Oct. 08, 2019 - The Québec Superior Court (QSC) recently struck down as unconstitutional back-to-work legislation (Bill 1271) aimed at the Québec government’s advocates and notaries. The decision, released on September 18, 2019, builds on the recent case law of the Supreme Court of Canada which declared that the...
Québec’s New Code of Civil Procedure – Highlights and Preliminary Comments
On February 20, 2014, the Québec National Assembly unanimously adopted Bill 28 establishing the new Code of Civil Procedure, which will eventually replace the current Code. The Bill, introduced on April 30, 2013, is the result of extensive reform initiated almost 15 years ago by the Québec legislature. Scheduled to come into force in autumn 2015, the new Code will result in substantial changes that could have a major impact on Québec’s legal landscape.
The new Code aims to modernize and simplify the pre-trial process, trials and appeals. It emphasizes cost reduction, flexibility and proportionality. It is intended to encourage parties to collaborate in completing the court record, and provides for in-depth judicial supervision through case management. It also places a higher importance on alternative modes of dispute prevention and resolution, and encourages parties to consider such options before referring their disputes to the courts.
Overview of the Upcoming Changes
The most significant proposed changes include:
1. Revised jurisdictional thresholds. The jurisdiction of the Court of Québec, currently at $70,000, will be raised to $85,000 and will be adjusted periodically by effect of law (art. 35). The jurisdiction of the small claims division will be raised to $15,000 (art. 536).
2. Recourse to private dispute prevention and resolution. The parties will be obliged to “consider” recourse to private modes of dispute prevention and resolution (notably mediation, negotiation and arbitration) before referring disputes to the courts (art. 1). State and public bodies will also, if they consider it advisable, be able to avail themselves of private modes of dispute prevention and resolution prior to referring disputes to the courts (art. 75). It should be noted that the new Code refers only to the duty to “consider” such private modes, without requiring parties to utilize them.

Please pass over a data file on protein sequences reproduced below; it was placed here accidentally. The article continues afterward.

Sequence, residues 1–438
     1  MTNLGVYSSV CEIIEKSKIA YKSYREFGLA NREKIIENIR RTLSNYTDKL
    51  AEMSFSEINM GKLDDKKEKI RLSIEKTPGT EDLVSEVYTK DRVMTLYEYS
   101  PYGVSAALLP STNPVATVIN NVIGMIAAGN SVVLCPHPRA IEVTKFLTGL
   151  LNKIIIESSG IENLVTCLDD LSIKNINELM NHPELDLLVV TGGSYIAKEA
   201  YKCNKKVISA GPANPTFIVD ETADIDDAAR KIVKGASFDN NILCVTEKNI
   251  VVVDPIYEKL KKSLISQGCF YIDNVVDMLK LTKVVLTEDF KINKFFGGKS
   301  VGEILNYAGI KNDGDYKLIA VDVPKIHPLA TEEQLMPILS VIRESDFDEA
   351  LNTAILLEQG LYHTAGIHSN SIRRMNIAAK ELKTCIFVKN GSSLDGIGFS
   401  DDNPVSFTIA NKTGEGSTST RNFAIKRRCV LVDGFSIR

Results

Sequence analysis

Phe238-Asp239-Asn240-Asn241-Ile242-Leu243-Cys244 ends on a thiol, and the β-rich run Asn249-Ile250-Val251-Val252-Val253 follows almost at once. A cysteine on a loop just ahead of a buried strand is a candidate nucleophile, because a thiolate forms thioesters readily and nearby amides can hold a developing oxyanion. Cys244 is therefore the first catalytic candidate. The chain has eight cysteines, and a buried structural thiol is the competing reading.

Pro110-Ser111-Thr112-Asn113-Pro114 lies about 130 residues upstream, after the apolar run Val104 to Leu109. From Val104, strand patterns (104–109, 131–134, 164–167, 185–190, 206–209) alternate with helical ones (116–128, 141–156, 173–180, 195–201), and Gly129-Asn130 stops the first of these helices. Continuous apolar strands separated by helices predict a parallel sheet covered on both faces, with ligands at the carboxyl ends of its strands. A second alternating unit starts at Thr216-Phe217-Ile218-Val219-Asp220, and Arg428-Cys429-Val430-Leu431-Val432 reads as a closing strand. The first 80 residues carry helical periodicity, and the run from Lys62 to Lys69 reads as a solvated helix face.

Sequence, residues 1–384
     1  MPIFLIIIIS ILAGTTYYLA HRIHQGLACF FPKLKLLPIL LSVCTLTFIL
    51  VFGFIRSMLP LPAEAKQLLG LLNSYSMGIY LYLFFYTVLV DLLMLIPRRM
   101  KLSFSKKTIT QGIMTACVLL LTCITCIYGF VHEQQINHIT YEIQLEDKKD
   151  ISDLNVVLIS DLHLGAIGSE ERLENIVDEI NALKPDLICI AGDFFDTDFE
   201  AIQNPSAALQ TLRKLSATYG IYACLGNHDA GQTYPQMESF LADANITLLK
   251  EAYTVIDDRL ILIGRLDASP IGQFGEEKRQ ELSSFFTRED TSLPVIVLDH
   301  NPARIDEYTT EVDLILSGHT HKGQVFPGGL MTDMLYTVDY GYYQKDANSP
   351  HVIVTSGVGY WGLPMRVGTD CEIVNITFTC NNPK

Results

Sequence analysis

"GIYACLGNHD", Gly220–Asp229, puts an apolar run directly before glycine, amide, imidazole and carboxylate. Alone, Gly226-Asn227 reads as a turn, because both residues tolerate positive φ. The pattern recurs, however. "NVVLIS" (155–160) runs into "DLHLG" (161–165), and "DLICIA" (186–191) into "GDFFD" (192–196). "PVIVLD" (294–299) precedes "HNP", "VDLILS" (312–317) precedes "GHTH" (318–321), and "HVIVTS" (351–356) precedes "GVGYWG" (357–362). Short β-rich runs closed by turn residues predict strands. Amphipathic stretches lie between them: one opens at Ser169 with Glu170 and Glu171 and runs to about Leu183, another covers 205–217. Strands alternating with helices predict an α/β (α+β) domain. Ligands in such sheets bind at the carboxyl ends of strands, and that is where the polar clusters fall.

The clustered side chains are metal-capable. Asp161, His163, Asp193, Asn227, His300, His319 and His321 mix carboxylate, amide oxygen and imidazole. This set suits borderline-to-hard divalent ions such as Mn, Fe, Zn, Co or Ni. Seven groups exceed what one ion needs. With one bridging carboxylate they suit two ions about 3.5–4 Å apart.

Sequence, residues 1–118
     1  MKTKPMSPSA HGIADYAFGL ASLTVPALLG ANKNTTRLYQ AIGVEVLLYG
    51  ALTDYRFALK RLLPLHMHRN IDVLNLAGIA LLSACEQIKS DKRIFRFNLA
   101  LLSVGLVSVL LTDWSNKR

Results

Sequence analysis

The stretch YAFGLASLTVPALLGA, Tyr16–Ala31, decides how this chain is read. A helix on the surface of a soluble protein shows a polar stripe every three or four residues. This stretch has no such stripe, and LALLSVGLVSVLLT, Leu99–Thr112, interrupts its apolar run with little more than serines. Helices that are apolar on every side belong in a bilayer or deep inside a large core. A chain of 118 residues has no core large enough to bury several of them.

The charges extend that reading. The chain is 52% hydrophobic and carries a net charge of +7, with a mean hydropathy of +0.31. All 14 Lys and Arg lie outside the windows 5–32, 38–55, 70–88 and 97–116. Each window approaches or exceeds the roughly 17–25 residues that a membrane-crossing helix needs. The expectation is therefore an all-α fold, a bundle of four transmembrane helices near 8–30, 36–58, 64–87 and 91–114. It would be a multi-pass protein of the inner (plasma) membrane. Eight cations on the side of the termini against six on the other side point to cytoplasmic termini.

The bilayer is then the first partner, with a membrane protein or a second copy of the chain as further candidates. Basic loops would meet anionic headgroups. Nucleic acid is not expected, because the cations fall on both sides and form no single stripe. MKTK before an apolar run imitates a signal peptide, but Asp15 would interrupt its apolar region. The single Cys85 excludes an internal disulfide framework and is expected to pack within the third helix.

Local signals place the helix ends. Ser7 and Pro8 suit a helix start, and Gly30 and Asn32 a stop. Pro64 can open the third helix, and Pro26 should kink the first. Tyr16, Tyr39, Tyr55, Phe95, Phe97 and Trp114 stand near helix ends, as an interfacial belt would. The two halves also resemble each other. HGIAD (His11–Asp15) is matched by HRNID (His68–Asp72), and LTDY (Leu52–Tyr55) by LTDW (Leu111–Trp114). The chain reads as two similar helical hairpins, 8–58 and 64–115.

3. Codification of mediation and reform of arbitration rules. The new Code codifies the rules applicable to mediation (art. 608 and following) and reforms the rules applicable to arbitration (art. 620 and following). It also provides specific measures for international arbitration (art. 649 and following).
4. Pre-court protocol. The new Code indicates that the parties may, even before a proceeding has been instituted, co-operate in the early stages of preparation by agreeing on a pre-court protocol (art. 2).
5. Gathering and preservation of evidence before the institution of proceedings. The new Code provides elaborate mechanisms for the gathering and collection of evidence even before judicial proceedings have begun (art. 253 and following).
6. Obligation to preserve evidence. The new Code imposes an obligation upon the parties to preserve relevant evidence (art. 20).
7. Flexibility and proportionality. The parties will have control over the conduct of their own case, but will be required to confine the case to “what is necessary to resolve the dispute” (art. 19). The importance of the principle of proportionality which governs current civil procedure, is further reiterated in the new Code (art. 18).